I'd need any (real-valued) function (whatever meets the following description at least approximately) continuous and thrice differentiable everywhere (or twice if 3 not possible), with the following features.
Seen "by far, it would be resembling the floor function $\lfloor x \rfloor $, exactly equal to $j$ at each positive integer $j$, but then slightly increasing on the "horizontal" part and finally more suddenly raise to the next integer, so approximately doing as follows. Let $\epsilon$ and $\alpha$ two arbitrarily small positive numbers given by the user. The function should be:
$j$ at any integer $j$ (I need only $j$ > 2, no need to consider negative integers)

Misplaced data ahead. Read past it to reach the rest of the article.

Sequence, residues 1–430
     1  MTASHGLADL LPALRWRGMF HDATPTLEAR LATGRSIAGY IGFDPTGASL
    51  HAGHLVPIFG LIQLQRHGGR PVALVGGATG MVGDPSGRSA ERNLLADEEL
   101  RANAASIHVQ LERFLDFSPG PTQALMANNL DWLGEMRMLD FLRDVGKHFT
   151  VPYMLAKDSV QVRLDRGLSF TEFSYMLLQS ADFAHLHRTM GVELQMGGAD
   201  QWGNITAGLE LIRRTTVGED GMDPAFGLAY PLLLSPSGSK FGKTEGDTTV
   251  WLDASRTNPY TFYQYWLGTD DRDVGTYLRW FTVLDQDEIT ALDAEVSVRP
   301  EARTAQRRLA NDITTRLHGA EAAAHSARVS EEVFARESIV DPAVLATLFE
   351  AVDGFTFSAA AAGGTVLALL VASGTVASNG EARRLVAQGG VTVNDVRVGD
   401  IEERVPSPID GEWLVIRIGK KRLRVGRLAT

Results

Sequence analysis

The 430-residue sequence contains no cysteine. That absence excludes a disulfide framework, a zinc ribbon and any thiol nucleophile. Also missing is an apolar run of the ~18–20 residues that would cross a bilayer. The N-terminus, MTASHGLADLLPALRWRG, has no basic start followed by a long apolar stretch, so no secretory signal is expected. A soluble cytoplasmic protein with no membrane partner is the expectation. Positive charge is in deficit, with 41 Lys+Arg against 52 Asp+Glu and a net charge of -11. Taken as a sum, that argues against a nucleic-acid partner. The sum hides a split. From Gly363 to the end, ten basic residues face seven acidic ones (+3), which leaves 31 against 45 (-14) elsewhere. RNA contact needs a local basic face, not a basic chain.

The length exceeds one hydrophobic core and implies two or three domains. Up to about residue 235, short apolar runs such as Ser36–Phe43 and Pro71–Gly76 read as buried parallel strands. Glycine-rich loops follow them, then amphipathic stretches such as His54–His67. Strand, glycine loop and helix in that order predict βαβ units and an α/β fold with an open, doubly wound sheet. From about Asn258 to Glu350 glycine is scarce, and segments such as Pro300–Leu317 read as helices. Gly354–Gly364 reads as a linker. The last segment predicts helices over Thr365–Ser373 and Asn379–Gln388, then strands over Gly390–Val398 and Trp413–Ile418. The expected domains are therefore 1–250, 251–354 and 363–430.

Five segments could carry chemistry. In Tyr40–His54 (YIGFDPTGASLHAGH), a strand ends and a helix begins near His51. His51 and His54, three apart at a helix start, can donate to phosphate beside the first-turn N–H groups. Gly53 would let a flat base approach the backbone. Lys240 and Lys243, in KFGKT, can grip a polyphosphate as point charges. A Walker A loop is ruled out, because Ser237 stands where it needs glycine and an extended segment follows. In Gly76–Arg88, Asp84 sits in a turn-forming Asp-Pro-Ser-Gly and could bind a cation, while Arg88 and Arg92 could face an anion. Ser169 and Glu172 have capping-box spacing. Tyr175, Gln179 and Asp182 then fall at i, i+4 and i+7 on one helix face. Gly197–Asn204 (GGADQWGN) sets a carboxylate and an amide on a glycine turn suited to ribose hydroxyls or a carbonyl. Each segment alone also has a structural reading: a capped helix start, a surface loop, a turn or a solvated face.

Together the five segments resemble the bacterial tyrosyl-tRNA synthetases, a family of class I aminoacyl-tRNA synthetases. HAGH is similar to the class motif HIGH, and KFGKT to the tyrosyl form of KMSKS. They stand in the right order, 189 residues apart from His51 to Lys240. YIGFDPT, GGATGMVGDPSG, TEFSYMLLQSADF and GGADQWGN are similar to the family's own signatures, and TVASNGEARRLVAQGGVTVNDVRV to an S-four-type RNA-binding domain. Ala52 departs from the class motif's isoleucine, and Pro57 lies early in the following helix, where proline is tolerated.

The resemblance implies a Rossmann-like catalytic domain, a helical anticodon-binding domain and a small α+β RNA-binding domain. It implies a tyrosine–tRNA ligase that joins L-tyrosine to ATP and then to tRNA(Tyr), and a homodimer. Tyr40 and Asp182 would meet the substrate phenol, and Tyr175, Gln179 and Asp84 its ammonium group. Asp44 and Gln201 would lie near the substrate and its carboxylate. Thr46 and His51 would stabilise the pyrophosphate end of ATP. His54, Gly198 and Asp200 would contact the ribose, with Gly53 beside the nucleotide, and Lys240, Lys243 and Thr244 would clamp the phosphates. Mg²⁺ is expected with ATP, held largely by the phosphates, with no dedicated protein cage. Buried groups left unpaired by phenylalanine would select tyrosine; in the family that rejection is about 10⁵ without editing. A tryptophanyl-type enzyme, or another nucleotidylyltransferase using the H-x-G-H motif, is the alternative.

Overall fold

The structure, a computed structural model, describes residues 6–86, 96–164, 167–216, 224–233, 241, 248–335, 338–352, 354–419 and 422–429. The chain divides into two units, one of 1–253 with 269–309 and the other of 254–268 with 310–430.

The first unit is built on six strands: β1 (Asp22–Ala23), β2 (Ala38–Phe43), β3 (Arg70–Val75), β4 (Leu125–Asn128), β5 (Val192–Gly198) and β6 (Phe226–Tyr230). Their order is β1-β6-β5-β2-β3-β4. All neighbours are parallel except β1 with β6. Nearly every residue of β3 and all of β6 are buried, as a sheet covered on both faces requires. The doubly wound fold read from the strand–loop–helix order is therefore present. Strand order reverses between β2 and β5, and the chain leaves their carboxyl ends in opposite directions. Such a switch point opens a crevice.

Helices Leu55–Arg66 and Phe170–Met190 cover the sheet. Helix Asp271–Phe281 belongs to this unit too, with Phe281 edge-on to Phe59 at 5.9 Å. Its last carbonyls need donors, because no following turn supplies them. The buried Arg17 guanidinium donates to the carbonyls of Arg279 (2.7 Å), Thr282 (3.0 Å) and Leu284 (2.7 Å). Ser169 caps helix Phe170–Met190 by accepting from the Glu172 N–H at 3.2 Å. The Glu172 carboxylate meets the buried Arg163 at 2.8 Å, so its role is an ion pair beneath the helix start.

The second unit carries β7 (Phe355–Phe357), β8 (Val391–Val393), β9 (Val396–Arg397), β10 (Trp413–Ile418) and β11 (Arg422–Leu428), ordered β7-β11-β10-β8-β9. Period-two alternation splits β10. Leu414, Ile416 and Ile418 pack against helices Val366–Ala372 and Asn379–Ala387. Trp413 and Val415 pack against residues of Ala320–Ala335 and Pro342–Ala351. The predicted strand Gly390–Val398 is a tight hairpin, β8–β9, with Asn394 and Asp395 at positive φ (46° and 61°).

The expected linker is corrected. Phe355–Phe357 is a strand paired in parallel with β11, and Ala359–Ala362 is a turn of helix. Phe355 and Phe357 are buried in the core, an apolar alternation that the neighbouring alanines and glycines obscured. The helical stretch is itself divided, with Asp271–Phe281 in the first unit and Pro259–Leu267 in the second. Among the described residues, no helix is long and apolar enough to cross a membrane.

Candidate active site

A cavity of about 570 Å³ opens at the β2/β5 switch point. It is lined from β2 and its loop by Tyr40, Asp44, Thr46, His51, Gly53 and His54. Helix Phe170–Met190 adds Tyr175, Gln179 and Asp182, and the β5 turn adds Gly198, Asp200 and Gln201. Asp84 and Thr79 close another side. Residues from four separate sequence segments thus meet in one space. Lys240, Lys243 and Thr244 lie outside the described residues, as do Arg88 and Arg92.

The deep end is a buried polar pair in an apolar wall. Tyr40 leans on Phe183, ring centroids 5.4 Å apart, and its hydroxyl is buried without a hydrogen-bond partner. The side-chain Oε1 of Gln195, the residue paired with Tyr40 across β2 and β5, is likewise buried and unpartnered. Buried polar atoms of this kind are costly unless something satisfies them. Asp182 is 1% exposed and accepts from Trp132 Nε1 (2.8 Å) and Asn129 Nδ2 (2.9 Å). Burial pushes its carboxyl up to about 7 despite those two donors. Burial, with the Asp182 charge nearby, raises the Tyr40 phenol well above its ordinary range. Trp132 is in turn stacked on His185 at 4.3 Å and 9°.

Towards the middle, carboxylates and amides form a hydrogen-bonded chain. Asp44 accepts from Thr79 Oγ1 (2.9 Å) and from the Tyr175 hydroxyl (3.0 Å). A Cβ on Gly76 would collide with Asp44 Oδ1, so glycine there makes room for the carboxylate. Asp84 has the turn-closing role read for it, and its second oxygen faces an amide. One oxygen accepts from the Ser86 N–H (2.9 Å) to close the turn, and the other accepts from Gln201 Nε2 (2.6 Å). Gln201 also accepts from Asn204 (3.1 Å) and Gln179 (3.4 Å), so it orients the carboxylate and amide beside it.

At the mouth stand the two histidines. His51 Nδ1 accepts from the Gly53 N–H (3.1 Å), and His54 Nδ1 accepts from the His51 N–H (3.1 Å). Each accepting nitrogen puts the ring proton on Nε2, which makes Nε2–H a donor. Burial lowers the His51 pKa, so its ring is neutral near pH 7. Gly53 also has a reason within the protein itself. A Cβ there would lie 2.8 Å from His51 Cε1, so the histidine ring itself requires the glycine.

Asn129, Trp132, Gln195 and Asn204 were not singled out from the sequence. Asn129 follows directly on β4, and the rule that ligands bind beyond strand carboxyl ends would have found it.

increasing from $j$ to $j +\alpha$ near the the "horizontal part" of the floor, say approximately over $(j, j + 1 - \epsilon$].
suddenly increasing (or non-decreasing), from $j + \alpha$ to $(j + 1)$, "near the step" of a floor function [say approximately over $[j + 1 - \epsilon, j+1$).
These pieces should be "joined" in such a way that the function is continuous and differentiable. (Any function with the above characteristics will do: of course, the simpler the better: I need it for an iterative program)
PS. added later
If useful, I found this paper: http://math.arizona.edu/~shankar/projects/TermPaper_Yilu.pdf
which has something which perhaps may come close (see pag. 10/11). But it is missing the increasing "horizontal" part.